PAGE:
Later: Ball and Chain is a bustling bar on Calle Ocho (SW 8th Street in Little Havana) which has a fascinating history dating back to 1935. It recently reopened with Paella Sundays, salsa classes and live bands which perform on their impressive, open-air “Pineapple Stage.” On my last Saturday night outing to B&C, a Cuban band were keeping people dancing (I’m sure) long after I hopped into my Uber…
Market at Edition: No visit to Miami would be complete without some time spent at a swanky South Beach hotel. Ian Schreager’s Miami Beach Edition is possibly the best and one of its restaurants, Market at Edition (conceived as a 21st century food bazaar), is a favorite of mine. I love this casual restaurant’s beautiful interior, abundance of pretty cakes on pedestals and fresh smoothies that you can take to go.
Sardinia: This lovely Italian restaurant is in Sunset Harbor and has the most wonderful pasta dishes and a cheese plate to die for.
Small Tea: I’m English and so naturally I love tea. However, like most Brits, I prefer “builder’s tea” (black tea with milk and sugar), nothing at all fancy. Small Tea in Coral Gables stocks lots of very fancy tea so I go there to eat rather than sip; I love the grain-rich lunch menu and the incredibly detailed wooden interior.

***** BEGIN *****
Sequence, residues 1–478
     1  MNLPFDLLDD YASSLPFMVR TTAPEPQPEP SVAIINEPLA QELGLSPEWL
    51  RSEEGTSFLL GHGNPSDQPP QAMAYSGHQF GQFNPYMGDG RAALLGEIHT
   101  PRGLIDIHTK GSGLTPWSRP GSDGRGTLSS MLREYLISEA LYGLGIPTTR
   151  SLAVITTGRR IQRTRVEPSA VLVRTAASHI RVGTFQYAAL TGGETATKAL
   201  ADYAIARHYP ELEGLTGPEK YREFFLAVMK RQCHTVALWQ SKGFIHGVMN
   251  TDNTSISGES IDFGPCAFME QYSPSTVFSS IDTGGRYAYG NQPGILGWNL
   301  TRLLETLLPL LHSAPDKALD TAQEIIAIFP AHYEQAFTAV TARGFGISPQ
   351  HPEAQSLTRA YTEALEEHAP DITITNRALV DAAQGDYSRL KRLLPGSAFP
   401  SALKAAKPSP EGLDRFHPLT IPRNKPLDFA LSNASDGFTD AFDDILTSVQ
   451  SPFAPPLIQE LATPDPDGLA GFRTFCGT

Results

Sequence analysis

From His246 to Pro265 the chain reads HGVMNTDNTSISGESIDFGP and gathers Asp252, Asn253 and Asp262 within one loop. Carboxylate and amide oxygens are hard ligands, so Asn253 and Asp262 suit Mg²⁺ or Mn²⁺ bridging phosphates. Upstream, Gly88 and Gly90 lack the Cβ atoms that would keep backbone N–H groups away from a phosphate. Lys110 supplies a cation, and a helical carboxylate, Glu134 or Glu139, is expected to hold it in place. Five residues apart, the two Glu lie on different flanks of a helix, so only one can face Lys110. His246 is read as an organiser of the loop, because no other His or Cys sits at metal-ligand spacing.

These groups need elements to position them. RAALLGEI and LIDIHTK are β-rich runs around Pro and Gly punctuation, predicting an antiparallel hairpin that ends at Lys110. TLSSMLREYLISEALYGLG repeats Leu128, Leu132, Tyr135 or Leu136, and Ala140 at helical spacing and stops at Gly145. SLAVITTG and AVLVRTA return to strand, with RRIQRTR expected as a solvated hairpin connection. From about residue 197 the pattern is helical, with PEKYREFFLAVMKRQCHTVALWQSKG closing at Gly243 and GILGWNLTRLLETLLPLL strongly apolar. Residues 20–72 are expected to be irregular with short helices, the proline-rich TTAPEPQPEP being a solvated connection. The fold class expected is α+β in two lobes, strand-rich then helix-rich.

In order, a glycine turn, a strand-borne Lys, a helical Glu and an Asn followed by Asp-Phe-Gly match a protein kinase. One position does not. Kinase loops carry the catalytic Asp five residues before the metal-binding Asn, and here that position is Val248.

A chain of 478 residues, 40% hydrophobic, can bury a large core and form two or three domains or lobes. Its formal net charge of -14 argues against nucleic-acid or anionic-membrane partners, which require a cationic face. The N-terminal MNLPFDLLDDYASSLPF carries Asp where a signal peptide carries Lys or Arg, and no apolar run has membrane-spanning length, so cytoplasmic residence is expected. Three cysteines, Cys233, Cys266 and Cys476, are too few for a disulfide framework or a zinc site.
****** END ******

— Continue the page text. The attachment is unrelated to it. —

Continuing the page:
The Biltmore: The Biltmore is a Miami landmark and a must-see. Built in the 1920s the hotel has hand-painted frsecos on vaulted ceilings, beautiful grounds and a HUGE swimming pool (225 feet long). There are several restaurants and bars of which my favorite is Fontana, where you eat in the central courtyard surrounded by lush greenery.
Choices Café: Choices Café is a wonderful vegan restaurant with several branches in Miami. My go-to is the Mental Lentil wrap.
Isaac Farms: I recently discovered this wonder of a farm which is situated in Homestead about 30 miles from downtown Miami. Drive to Homestead and you feel a world away from the city, surrounded by fields of banana, mango and pineapple trees. Isaac Farms specializes in succulents and has one of the largest collections in the US. They’re also open at the weekend unlike many of the Homestead nurseries.